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Before Implementing, Discover

Organizations that experience change often need to move at the pace of trust, but it should start with the work. In academia, sitting around having unproductive discussions about the merits of change, new frameworks, etc., often lead to nowhere. For the sake of students, start doing the work and figure it out from there. The work to create clarity, coherence, and consensus begins with "Discover."

(Visit here to learn about the Integrated Planning Model)

The Discover phase is essentially the brainstorming stage. Consider these two real-life examples of how to start with Discover.

Example 1: The college created a structure with teams but needed more clarity in terms of what each team is doing, how to integrate, how to avoid duplication of efforts, and to ensure equity questions are addressed. I had them follow these steps as they "Discovered" how to be even more productive this new academic year.

1. Using student momentum points: Connection --> Entry --> Progress --> Completion --> Transition (you can also use Guided Pathways clarify the path, enter the path, stay on the path, and learn on the path), have each team write the activities they will work on for the new year for each of the student momentum points. Have stations with each momentum point for team members to write their activities.

2. Each team rotates at each station to view all of the planned activities for the momentum points and answers the following questions:
a. Where are there opportunities for integration and collaboration? (This question also helps to answer where there are duplication of efforts);
b. Where can I serve as a resource? (This question helps teams not to work in silos. Members from all teams should serve as a resource for one another).

3. Using the Community College Research Center scale of adoption, each team works on how their activities will address the equity questions.

Capture all activities on an online shared platform (e.g., Google Drive) so everyone can have a meta-view of the work, report on the status of the work, and see where to collaborate to transition from Discover to Develop.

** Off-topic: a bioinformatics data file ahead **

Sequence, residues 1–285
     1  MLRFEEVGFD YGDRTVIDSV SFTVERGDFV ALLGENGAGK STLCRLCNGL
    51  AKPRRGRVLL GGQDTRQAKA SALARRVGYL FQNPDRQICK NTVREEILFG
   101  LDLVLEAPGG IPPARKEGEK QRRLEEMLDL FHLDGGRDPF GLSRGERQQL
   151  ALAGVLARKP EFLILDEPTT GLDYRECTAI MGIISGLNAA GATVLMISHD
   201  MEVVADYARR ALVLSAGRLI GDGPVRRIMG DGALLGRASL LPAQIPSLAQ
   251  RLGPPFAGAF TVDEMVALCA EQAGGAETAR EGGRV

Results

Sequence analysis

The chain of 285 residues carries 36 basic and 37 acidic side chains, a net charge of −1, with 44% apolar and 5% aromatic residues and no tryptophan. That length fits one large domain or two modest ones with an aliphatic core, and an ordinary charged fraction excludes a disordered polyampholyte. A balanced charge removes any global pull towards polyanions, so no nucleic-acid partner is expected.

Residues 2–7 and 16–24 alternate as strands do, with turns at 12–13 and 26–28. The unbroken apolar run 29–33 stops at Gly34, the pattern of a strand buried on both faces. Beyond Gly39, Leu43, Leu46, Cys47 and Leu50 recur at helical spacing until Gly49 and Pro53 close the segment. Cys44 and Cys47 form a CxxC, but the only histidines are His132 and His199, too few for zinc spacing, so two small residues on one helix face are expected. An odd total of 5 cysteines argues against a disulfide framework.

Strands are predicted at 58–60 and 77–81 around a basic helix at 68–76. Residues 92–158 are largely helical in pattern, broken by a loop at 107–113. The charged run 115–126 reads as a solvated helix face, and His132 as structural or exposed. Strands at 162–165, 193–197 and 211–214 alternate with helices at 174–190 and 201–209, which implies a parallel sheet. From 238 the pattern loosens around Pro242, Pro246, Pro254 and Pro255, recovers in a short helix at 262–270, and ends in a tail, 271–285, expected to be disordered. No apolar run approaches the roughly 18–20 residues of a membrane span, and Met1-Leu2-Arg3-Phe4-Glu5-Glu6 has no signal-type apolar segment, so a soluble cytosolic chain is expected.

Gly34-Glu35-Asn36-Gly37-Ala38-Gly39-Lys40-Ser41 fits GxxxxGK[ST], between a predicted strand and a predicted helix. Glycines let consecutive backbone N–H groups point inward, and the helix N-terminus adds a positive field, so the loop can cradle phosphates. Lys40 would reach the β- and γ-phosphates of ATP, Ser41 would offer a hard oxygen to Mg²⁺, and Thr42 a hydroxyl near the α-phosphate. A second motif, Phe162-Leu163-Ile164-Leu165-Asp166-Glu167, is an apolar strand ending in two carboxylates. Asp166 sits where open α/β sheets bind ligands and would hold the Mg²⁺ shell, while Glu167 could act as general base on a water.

Example 2: The college created their Academic & Career Pathways (i.e., meta-majors) and wanted to consider how to develop a cross-functional Success Team (aka, Completion Team) for each Academic & Career Pathway.

1) Campus stakeholders receive a brief overview of success teams and read: Operationalizing Guided Pathways: Completion Teams or Not? (*Special Note)

2) Participants join an Academic & Career Pathway (i.e., meta-major) station and brainstorm how to configure a homegrown cross-functional success team model.

3) Participants from each table share out to the entire group. Facilitator helps to navigate discussions and search for common themes.

Use the early fall to transition back and forth between Discover and Develop to eventually create a plan to implement

*Note: Cuyamaca College counselors went through their own Discover phase prior to the session by investigating success team models at other institutions. They presented their findings to participants and provided them with handouts to help inform how to configure their success teams.

I can't emphasize enough how important it is to constantly remind educators when they're in the Discover phase. As educators, we tend to jump directly to Implement. Residing in Discover allows us to share new and bold ideas. These ideas may not be eventually implemented but they could help inform the work.

As I stated, campuses need to move at the pace of trust, but it must start with the work. What do I mean by doing the work?

For example, at many campuses some educators assumed that Guided Pathways meta-majors meant their programs would be deleted and/or that students wouldn't be allowed to explore. This fear resulted in wasted precious months (sometimes years) of talk. They never allowed the conversation to get to Discover. When I gave them the tools to conduct meta-major sorting activities--with student input--and helped to facilitate conversations, educators understood that meta-majors wouldn't discontinue their programs after all. In many cases, they learned how to expand and enrich their programs and how to collaborate with other programs. They also learned that structured exploration benefits students. As a result, they were ready to move from Discover to Develop. They wouldn't have had this self-realization without doing the work. The government isn't mandating a prescribed set of meta-majors. Guided Pathways is a flexible framework that allows campuses to mold it to fit their context. Trust develops as people collaborate to do the work!

It's a pleasure to serve as a coach to campuses that embrace ongoing external support and meaningful feedback to ensure a steady momentum that ultimately results in student success. If it wasn't for the opportunities to coach, train, and facilitate I would probably focus my writing on theory instead of practical applications that get results.



Also visit:

Planning & Implementation: Creating Common Language

Doing the Ordinary Extraordinarily Well

5 Questions to Answer Before Launching Initiatives

Guided Pathways: Is Your Campus Stuck?

Contact me about customized trainings or ongoing coaching support to help your campus plan and implement grants, projects, or comprehensive efforts such as guided pathways.  Use the contact form on the right (bottom of the page for mobile users).


(A. Solano)

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